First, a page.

An artist once told me, sincere as anything: “I’ve never, ever failed.” This, in the course of a conversation where he talked about selling LSD to his classmates, getting arrested for making a bomb threat, contemplating suicide, and going bankrupt at least twice. At the time, I thought he was a little crazy. Now, I understand what he was getting at: it’s only “failure” if you fail to learn. And it is crucial to understand that the lessons aren’t always obvious. One of my long-standing professional regrets was that I “failed” to ever write a feature for Q. If I had “succeeded” I would have likely spent the last five years in an office in central London instead of living in Ibiza and Mexico, travelling in Europe, driving across the western United States, getting a Master’s degree, learning Spanish and working at everything from production editing to project management.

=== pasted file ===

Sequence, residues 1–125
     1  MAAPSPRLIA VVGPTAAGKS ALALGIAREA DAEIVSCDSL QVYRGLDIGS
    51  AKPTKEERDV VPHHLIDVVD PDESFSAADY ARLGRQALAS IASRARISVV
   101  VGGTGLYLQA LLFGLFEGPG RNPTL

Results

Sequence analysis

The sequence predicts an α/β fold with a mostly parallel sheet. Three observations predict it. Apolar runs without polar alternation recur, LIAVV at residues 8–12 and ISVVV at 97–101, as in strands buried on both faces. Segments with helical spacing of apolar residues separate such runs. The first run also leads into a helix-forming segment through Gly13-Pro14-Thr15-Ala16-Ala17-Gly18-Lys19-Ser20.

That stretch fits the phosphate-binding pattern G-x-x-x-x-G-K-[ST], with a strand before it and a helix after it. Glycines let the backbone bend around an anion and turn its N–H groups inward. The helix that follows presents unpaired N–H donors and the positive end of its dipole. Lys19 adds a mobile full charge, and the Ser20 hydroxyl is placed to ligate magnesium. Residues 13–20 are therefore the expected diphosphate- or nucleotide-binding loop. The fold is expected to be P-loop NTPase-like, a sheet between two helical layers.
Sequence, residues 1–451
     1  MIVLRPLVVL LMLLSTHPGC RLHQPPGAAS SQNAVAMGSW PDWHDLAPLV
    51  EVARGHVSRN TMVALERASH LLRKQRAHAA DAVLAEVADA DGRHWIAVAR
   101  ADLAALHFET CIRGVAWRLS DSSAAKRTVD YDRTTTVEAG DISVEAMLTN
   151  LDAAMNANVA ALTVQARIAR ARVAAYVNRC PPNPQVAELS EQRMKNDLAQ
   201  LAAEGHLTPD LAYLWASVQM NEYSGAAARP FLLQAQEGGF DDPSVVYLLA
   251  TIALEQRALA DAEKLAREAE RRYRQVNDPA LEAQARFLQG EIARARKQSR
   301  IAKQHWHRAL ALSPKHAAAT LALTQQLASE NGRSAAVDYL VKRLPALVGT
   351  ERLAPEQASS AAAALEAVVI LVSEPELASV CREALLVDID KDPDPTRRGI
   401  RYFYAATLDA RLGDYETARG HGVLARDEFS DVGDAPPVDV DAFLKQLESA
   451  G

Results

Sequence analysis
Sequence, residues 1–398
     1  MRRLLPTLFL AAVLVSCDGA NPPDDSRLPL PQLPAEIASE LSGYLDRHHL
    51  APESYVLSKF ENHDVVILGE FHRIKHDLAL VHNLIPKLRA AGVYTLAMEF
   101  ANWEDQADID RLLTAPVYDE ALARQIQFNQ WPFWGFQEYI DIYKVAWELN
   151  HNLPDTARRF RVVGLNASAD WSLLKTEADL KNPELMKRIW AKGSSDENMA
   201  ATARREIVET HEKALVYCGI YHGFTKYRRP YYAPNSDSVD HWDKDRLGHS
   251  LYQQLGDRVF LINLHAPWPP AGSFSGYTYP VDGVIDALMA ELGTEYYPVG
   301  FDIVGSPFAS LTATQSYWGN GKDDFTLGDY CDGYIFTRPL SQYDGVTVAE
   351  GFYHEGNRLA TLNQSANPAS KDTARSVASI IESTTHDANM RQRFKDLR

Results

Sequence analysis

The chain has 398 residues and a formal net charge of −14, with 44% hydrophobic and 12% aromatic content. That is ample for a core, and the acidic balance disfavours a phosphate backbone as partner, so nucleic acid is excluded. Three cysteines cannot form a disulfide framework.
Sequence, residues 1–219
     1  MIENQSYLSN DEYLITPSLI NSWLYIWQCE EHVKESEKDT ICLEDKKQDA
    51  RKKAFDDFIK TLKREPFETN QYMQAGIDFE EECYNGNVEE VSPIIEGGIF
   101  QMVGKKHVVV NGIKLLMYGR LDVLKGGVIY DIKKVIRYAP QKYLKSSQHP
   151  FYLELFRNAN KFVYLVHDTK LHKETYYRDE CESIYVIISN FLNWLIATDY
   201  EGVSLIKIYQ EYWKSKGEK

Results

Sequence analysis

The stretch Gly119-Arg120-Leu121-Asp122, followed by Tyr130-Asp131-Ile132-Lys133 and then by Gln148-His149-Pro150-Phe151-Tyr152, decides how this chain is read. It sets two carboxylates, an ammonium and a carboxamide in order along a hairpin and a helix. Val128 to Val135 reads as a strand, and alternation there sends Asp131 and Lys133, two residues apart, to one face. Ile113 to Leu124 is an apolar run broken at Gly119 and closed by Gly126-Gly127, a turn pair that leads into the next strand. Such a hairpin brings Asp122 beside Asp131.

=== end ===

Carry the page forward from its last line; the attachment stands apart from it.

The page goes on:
That’s the problem with taking the word “failure” seriously: our definition is limited by our imagination, which is puny. “The universe is wider than our views of it,” Thoreau noted. We waste our time and work ourselves into frenzies over “failure” but the truth of it is we rarely, if ever, know enough to say what is, or isn’t, for the greatest good in the long-term. When it comes to work, we should jettison the notion of “failure” and replace it with something useful like “evolution.”

Dear Prospective Employer – I’d Kill for a Job

I look as if I’ve just killed someone with my bare hands. It’s only paint but the dark brownish-red dots splotches on my palms and nails ringed in non-cosmetic scarlet are suggestive. Part of me wishes it were true. It would open up a range of new employment opportunities. Bodyguard. Assassin. Ninja. Gun for hire. Cage fighter. Maybe I could get a job as a prison officer. Or work for a private security firm in Iraq or some other high-risk location where wages are inversely proportionate to the value of human life. An unsqueamish woman with lethal fists could have a job for life with the CIA, or star in a Quentin Tarantino film. I could freelance as a butcher; become a safari guide, or a stunt woman, or…